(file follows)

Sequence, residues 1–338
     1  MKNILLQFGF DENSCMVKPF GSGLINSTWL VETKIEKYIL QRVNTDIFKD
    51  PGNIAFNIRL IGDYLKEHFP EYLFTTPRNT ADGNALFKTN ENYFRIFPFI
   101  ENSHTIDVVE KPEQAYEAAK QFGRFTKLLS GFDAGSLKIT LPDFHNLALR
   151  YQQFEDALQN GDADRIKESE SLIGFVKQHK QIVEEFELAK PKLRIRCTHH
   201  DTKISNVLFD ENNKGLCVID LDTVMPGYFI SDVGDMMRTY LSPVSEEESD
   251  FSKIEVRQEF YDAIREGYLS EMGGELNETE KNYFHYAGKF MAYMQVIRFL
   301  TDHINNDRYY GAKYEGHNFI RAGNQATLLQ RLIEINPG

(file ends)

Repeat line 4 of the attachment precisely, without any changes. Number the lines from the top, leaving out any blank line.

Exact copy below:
   101  ENSHTIDVVE KPEQAYEAAK QFGRFTKLLS GFDAGSLKIT LPDFHNLALR